I don't think this as common in the U.S. We don't have as much of a safety net and not working if very much frowned upon, so you almost have to take part.

Some of us (I would call us the more intellectually aware) are worried by racistic right wing nationalistic agendas, and some of us are buying into the nationalistic "let's take care of our own first"-agenda.

Some folks think that is what they are doing here, although the right wing here gets labeled racist at the drop of a has kind of lost the impact.
 

Basic income guarantee as system to replace the current social security system, which is too inefficient due to heavy bureaucarcy, and favors heavily the older generations.

That is a big debate here.

Gay rights, most of the youth is in favor for

Big debate here is gay marriage.

Environmental issues, of which most of us are very informed

Most Americans are pro environment, the debate is more what is and isn't needed to protect it. 

I think the main thing you might be missing is that the United States is a very diverse nation. You might want to read American Nations or The Nine Nations of North America.

http://www.amazon.com/American-Nations-Regional-Cultures-ebook/dp/B0052RDIZA/ref=tmm_kin_title_0

http://www.amazon.com/NINE-NATIONS-NORTH-AMERICA/dp/B00165CUY2/ref=sr_1_1?s=books&ie=UTF8&qid=1360679335&sr=1-1&keywords=the+nine+nations+of+north+america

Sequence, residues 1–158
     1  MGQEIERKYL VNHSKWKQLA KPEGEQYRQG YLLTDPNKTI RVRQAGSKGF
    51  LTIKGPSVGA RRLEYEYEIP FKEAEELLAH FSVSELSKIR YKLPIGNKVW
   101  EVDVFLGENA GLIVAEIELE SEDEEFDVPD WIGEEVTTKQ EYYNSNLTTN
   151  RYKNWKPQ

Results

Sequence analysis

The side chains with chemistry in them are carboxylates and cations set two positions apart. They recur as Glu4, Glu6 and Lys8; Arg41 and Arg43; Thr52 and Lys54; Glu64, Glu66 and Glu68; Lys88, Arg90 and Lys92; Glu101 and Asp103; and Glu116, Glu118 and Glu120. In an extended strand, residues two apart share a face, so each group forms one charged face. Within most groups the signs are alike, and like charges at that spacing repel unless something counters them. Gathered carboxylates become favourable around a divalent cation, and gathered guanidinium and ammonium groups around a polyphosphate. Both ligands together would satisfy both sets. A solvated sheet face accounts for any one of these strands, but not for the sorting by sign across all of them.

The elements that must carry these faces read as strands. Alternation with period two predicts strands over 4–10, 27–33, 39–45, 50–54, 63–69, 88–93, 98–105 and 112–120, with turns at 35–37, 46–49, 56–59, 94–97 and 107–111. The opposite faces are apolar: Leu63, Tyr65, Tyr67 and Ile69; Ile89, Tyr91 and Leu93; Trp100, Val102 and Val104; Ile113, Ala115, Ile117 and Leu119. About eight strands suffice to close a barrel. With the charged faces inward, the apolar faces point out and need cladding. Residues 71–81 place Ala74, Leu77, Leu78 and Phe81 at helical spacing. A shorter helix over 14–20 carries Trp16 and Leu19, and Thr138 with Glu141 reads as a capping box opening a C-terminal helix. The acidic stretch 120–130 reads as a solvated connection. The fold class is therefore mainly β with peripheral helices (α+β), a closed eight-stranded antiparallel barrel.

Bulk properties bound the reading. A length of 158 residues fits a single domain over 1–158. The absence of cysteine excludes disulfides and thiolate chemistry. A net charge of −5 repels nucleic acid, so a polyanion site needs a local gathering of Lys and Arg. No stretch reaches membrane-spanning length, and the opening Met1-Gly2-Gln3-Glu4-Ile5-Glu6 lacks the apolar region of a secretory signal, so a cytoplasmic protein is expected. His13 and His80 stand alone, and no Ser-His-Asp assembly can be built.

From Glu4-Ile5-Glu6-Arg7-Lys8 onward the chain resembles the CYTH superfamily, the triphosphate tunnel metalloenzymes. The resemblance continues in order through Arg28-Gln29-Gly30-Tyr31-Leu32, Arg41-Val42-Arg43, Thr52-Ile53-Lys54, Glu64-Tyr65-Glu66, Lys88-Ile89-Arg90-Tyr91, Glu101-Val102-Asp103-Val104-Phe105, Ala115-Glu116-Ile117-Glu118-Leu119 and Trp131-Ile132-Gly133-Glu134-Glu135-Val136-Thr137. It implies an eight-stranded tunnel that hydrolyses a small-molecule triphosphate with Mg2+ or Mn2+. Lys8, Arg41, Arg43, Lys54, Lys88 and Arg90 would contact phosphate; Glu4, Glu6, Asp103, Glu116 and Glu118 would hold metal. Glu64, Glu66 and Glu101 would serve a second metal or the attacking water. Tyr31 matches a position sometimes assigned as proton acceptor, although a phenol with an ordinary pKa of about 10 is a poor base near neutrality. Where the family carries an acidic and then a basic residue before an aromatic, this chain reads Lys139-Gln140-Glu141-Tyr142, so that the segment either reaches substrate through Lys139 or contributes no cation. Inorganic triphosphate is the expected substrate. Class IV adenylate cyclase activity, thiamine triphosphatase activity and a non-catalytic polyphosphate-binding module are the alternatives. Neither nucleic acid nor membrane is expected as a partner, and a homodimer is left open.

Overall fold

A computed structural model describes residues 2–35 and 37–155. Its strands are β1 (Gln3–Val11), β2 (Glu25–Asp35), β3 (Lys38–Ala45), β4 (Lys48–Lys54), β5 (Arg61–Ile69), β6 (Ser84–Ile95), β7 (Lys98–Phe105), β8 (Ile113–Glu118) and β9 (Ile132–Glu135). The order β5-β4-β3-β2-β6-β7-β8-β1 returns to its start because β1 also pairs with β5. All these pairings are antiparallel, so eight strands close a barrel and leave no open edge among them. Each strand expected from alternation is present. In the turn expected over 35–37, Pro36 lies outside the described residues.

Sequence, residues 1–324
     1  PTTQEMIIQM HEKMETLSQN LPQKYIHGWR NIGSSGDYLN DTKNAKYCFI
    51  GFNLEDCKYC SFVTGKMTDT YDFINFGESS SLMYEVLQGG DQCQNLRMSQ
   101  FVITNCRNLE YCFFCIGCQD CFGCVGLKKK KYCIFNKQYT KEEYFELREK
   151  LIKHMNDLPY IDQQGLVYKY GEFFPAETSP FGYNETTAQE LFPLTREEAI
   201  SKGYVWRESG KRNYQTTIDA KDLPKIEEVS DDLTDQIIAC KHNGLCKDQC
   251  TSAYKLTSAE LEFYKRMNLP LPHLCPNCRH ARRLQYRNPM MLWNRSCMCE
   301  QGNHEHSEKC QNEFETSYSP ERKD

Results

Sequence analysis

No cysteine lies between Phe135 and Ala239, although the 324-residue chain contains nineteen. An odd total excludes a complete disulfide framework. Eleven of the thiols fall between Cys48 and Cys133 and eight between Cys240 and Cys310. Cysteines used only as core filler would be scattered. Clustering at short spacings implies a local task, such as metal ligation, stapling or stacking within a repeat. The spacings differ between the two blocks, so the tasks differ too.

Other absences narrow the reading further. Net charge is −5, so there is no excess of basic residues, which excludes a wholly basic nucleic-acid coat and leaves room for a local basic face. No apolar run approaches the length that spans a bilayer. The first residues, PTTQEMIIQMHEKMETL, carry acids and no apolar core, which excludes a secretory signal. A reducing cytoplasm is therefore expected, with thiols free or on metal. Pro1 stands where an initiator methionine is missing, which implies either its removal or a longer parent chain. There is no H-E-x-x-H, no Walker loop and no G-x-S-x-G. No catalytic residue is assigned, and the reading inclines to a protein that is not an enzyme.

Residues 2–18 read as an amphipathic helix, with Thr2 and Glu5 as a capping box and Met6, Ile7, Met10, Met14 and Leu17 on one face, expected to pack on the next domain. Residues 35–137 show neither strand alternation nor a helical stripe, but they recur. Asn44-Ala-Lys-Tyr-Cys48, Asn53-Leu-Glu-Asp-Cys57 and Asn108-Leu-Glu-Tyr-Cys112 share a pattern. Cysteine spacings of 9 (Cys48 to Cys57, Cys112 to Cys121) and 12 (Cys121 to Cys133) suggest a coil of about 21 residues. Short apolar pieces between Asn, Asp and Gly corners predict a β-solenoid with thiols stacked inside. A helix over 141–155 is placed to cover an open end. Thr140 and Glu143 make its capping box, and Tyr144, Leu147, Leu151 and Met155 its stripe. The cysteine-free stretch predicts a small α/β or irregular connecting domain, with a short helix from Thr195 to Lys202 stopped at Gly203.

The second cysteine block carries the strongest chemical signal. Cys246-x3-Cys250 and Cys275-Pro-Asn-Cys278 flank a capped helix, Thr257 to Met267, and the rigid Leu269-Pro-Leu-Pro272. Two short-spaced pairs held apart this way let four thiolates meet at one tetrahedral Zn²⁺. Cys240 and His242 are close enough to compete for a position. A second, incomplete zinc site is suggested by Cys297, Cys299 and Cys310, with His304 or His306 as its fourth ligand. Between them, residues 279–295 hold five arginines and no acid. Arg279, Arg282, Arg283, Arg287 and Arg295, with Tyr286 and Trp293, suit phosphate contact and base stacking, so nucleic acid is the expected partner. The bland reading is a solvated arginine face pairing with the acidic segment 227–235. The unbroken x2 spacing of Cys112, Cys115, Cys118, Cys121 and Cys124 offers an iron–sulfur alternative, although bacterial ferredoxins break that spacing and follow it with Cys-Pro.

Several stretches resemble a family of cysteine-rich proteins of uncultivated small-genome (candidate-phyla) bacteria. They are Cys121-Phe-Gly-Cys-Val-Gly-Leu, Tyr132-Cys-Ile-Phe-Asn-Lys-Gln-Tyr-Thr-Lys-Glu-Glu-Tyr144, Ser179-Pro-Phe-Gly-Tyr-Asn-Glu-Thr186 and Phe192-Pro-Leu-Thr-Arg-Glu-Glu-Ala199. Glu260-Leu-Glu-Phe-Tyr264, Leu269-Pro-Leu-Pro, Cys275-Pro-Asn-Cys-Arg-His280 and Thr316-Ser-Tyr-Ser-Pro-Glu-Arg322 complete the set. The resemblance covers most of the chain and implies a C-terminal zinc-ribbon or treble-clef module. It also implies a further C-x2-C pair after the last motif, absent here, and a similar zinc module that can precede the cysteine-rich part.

Matt L.'s picture
Matt L. from Texas is reading Tenth of December: Stories February 12, 2013 - 9:24am

Dwayne is right about the U.S. being a diverse nation, despite how we may be perceived from afar (or even from within). I'm not sure what you're planning to write, but if you are thinking of setting a story in America, you might consider researching the politics of certain regions. Same thing if you intend to use characters that are American. Where they are from? West coast? Northeast? Deep South? Pacific Northwest?

Though geography has less impact than in the past due to technological/communication advances, what section of the country someone is from will provide you with some pretty good guesses as to what their political leanings might be.